We all just want to belong
Many of modern society’s ills are due to the loss of tribal sentiments lying deep in our evolutionary past.
WHAT caused American settlers to run away to join Native American tribes, and what does that have to do with recent US combat veterans returning home to find themselves missing life in the war zone?
Bestselling author Sebastian Junger explores the human need for the kind of strong, intimate bonds that can be found in tribal societies in his book Tribe: On Homecoming And Belonging (Twelve, 2016).
What led you to write about this topic?
I started thinking about these issues 30 years ago while growing up in a great American suburb. We didn’t know our neighbours very well and didn’t care much about them. Everyone I knew lived that way, and everyone I knew wasn’t happy about it.
How did you first start thinking about the intrinsic value and attraction of tribal life?
My adopted Uncle Ellis (a close family friend) used to tell me how white people were constantly running across the frontier to join Indian tribes and taking up with them. And then the light bulb finally went off when I kept encountering veterans who’d say they missed the war and wished they could go back. And that, to me, was exactly what my uncle was talking about except in a modern context.
With the United States as polarised as it is, do you see it as one tribe or many different tribes?
When we live in a nation, by definition it’s one huge national tribe. But when one candidate or leader creates factions in the United States by saying there are enemies of the state within our borders, they’re actually acting un-tribal.
If we don’t want to live as a nation, that’s fine. We should just divide up. But as long as we’re living red and blue under one tent, we have to act that way.
The factionalism of the recent (presidential) election, it was just getting going when I started to write Tribe. And I was so revolted by it, mostly because it seems antithetical to any kind of national unity, which we all depend on socially, economically, militarily, and psychologically.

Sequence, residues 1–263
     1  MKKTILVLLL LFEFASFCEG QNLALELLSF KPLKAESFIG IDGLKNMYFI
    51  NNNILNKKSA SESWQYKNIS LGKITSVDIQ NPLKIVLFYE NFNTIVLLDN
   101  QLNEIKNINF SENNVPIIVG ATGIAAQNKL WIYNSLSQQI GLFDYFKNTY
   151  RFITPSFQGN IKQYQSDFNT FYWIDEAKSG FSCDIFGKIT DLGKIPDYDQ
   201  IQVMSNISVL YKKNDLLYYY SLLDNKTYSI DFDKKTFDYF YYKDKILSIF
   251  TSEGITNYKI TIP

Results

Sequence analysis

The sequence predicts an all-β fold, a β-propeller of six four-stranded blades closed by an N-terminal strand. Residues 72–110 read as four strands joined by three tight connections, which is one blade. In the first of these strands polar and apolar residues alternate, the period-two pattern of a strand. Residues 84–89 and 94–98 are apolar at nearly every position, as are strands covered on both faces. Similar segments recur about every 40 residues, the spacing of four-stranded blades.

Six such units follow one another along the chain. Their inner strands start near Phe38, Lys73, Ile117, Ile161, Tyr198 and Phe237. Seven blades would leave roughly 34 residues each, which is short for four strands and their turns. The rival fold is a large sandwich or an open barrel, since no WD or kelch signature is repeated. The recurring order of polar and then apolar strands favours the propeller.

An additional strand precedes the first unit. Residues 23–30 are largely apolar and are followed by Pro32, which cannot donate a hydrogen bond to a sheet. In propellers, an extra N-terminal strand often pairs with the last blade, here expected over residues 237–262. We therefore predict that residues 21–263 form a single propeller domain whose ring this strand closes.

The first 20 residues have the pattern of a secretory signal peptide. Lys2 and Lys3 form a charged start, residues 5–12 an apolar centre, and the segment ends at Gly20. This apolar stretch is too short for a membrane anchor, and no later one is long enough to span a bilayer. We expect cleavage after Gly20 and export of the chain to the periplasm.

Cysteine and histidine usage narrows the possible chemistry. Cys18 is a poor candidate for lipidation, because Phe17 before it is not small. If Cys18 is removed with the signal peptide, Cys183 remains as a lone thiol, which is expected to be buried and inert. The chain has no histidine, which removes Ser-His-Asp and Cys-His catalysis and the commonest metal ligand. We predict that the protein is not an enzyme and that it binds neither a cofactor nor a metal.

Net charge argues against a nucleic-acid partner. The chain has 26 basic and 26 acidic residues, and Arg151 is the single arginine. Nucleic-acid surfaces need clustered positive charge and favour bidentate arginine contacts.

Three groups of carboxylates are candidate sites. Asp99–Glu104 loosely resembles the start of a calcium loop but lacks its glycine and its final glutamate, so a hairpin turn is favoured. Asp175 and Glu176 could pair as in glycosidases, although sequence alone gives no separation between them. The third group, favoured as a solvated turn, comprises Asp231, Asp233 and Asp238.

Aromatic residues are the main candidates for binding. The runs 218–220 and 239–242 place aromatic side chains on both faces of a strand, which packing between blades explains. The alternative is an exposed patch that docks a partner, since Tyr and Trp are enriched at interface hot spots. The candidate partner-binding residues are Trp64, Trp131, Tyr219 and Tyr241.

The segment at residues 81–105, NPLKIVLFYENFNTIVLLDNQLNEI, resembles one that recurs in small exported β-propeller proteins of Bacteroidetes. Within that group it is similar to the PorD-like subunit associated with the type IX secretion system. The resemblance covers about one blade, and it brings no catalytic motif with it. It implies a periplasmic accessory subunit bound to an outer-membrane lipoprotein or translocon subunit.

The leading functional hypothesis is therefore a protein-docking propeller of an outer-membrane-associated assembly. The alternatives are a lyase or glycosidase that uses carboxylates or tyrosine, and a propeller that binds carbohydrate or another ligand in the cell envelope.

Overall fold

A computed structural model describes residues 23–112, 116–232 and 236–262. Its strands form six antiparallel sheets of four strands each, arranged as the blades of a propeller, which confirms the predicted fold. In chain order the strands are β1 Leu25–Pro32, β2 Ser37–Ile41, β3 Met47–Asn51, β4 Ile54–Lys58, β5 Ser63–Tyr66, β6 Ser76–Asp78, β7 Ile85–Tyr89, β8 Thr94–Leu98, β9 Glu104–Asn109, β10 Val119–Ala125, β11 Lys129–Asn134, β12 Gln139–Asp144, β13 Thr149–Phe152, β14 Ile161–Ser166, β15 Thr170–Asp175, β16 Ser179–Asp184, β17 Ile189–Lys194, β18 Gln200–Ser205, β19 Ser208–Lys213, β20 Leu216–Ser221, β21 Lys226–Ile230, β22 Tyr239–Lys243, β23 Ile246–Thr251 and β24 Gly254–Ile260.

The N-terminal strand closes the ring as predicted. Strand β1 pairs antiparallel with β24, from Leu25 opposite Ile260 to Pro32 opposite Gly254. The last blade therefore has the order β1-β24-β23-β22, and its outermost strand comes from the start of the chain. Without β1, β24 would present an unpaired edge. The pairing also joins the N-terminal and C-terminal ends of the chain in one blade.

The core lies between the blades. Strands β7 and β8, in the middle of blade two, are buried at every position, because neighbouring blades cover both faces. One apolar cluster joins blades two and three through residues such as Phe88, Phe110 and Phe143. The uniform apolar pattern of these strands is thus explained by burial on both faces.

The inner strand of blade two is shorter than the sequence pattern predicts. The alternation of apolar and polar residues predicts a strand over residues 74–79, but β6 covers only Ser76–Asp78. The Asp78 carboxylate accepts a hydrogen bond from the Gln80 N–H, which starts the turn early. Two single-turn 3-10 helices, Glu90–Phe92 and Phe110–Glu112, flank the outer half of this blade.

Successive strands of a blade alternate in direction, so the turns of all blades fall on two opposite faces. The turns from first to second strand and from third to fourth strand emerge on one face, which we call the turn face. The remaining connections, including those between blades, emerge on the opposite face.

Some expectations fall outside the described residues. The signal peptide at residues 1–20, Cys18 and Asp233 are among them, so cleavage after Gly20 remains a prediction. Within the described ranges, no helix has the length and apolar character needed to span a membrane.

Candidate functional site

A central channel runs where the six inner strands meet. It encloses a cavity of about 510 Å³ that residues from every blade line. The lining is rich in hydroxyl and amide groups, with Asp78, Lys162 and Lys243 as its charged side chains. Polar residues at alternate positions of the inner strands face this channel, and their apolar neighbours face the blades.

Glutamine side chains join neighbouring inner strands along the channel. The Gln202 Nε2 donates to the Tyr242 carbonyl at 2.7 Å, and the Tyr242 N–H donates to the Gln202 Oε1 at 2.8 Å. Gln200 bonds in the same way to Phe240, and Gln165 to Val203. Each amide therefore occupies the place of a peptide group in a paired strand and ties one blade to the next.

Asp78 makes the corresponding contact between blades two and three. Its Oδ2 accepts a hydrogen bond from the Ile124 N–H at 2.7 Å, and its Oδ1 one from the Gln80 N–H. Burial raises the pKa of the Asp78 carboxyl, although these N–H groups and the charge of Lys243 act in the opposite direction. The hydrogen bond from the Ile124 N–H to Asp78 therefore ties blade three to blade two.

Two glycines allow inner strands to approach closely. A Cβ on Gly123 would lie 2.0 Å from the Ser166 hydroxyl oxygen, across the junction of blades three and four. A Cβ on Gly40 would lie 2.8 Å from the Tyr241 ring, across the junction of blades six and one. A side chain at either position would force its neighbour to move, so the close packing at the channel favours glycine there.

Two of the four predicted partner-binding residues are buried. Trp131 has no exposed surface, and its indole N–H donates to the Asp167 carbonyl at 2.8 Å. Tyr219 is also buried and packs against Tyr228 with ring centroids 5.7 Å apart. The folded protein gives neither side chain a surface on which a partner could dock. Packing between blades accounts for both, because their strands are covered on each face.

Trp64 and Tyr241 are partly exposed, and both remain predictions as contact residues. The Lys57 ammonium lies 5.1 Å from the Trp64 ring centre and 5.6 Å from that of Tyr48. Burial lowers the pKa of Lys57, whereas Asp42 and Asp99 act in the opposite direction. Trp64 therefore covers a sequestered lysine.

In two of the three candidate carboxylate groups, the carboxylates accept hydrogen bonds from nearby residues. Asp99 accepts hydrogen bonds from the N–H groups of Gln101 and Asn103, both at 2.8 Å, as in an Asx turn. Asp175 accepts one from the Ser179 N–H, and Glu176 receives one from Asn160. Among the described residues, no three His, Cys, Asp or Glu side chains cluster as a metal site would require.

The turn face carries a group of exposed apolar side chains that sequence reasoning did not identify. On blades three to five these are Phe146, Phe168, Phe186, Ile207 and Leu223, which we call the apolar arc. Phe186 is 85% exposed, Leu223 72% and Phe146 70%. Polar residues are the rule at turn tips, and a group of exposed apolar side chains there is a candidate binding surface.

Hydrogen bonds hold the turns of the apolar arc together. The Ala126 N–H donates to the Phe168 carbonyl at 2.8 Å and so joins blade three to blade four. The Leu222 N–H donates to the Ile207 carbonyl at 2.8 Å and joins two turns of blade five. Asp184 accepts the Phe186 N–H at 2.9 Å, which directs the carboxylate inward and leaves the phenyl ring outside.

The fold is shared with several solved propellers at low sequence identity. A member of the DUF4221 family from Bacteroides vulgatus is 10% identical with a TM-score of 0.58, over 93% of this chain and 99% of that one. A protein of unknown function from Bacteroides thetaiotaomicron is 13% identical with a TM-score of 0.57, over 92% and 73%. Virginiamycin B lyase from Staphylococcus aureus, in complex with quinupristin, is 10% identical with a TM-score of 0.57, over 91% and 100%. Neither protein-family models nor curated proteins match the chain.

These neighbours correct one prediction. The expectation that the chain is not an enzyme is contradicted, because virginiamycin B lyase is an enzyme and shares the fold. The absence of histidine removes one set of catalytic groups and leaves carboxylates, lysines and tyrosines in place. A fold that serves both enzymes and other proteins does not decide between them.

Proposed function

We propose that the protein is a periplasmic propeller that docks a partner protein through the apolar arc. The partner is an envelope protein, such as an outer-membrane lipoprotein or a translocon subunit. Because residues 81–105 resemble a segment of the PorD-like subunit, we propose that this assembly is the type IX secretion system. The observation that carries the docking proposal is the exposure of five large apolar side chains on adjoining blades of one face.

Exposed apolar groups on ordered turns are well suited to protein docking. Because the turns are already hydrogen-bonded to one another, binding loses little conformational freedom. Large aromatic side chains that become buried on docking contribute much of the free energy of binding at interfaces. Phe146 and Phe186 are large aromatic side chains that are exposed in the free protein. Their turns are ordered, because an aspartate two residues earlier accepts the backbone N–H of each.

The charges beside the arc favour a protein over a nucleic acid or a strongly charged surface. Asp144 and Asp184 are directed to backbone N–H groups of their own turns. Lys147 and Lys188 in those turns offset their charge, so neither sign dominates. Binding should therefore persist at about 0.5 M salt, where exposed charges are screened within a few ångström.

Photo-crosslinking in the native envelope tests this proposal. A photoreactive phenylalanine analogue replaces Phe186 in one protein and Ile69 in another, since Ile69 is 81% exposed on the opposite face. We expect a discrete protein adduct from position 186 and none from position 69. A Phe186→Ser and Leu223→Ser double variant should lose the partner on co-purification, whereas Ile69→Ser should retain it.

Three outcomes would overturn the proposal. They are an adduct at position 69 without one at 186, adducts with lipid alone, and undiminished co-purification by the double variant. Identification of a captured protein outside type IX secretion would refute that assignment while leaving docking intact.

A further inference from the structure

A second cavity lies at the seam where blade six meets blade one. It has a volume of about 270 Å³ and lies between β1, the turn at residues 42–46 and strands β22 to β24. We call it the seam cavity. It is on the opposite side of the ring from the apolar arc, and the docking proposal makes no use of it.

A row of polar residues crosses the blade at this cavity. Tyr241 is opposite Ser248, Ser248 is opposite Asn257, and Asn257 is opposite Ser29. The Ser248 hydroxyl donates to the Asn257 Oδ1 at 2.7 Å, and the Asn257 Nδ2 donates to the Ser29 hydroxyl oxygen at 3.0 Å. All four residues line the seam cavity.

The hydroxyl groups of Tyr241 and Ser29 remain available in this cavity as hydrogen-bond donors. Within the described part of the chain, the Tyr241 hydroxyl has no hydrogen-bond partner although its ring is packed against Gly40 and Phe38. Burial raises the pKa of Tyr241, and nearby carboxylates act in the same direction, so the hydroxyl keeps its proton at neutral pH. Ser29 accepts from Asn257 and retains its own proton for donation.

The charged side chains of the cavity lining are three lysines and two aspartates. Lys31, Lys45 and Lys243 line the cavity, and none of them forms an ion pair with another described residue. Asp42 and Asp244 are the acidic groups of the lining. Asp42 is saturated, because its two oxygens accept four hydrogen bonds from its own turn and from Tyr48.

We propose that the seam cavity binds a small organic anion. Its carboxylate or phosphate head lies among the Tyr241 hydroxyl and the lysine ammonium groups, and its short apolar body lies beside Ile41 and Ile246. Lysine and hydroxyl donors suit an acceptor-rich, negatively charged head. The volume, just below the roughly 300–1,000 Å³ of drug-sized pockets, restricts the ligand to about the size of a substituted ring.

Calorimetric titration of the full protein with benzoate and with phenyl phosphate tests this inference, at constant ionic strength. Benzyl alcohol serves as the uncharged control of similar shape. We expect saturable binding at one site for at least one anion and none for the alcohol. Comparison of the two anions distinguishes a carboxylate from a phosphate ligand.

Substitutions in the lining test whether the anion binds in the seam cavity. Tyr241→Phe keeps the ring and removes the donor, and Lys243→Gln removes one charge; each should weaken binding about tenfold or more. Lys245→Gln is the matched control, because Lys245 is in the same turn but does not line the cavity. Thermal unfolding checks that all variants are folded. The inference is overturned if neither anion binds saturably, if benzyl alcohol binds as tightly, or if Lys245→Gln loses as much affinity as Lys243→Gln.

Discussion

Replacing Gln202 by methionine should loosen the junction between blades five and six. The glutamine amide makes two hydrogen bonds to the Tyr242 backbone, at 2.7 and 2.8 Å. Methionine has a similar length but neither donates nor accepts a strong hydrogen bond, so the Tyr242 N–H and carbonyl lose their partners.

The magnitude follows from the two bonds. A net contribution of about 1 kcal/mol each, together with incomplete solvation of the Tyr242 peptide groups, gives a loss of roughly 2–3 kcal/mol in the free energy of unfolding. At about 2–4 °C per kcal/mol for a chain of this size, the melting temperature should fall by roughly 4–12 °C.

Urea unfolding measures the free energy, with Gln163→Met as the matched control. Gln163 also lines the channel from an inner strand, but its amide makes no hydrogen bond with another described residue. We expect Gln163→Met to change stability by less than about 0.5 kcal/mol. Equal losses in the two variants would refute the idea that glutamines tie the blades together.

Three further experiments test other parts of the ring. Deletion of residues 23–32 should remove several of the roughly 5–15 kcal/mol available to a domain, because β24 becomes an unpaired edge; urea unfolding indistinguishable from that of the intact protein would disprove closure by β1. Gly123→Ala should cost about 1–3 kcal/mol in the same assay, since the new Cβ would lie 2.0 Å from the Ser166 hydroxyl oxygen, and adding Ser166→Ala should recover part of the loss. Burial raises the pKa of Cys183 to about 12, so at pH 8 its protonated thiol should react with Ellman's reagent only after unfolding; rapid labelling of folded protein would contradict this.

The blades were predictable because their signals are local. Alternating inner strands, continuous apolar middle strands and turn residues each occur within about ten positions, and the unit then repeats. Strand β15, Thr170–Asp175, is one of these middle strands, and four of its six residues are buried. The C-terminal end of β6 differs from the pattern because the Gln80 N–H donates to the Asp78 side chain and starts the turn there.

In you point out that major crises, such as the relentless bombing of London during World War II by the Nazis, have the opposite of the intended effect to shatter a country’s morale. Why is that?
If you believe in evolution, we’re obviously descendants of our successful ancestors. As fang-less, claw-less apes that can’t run very well, we depended on tight solidarity within the group. We are the descendants of ancestors that did that very well.
If hardship, adversity and danger triggered antisocial behaviour, we wouldn’t be here today. Another way to say that is we’re the descendants of those that acted in prosocial ways because that’s how our survival could be ensured.
How do you see examples of that playing out in modern life?
You don’t have to go to such extremes as war. Anytime there’s a blizzard, and you see a 10-year-old helping to shovel out a neighbour’s driveway, that’s prosocial behaviour. It could be extremely mundane – helping an old person across the street is prosocial behaviour.
In a larger context, there’s some sense that a community has to take care of its own, and I owe something to that effort.
How do you see that happening in modern society?
Modern society has so completely eliminated hardship and danger in everyday life that the individual is almost never called upon to step up. If there’s a crisis, like a hurricane or a blizzard, there is enormous
amount of prosocial behavior on display and those hard times are actually looked back on with an enormous amount of nostalgia and fondness.
You’ve spent a lot of time around soldiers. How does military life resemble the values of tribal life?
The vast majority of soldiers never see combat. They’re in support units. But just the close nature of that work plays to all our evolutionary adaptations as a species, so it feels incredibly good.
You saw this firsthand as a war correspondent?
In the city of Sarajevo (during the Bosnian War in the early 1990s), there was an extreme sense of community. It was a civilian community besieged by a modern army and I really missed that when I left Sarajevo. I didn’t want to be anywhere else but Sarajevo.
In your book, you’re critical of the way post traumatic stress disorder (PTSD) is viewed as a chronic condition with war veterans. Why do you see that as a problem?
PTSD is an incredibly common thing. If you have a car accident or if you’re assaulted on the street. You don’t have to be a soldier. Trauma is a part of life and virtually everyone will get PTSD at some point in their life as a healthy adaptation to trauma.
What’s not healthy is long-term, going on decades and decades. That’s where the disorder comes in, in that diagnosis.
As a species we wouldn’t have survived if a significant percentage of traumatised people remain non-functioning for the rest of their lives. That doesn’t make any evolutionary sense.
One of the problems with the VA (US Department of Veterans Affairs) now is that because PTSD is considered a lifelong problem, the VA is incentivising people to see themselves as broken because they will get a lifelong disability check. In this weird way, veterans are incentivised to not get healthy.
You want to make the person functional and useful as fast as possible. But when you actually warehouse them in a disability designation and give them just enough money to live on, it’s not a healthy thing. It doesn’t return them to functionality, and functionality is mental health. – The Dallas Morning News/Tribune News Service
In his time as a war correspondent, Junger has seen how communities – ‘tribes’ – pull together when severely stressed. — TIM HETHERINGTON/sebastianjunger.com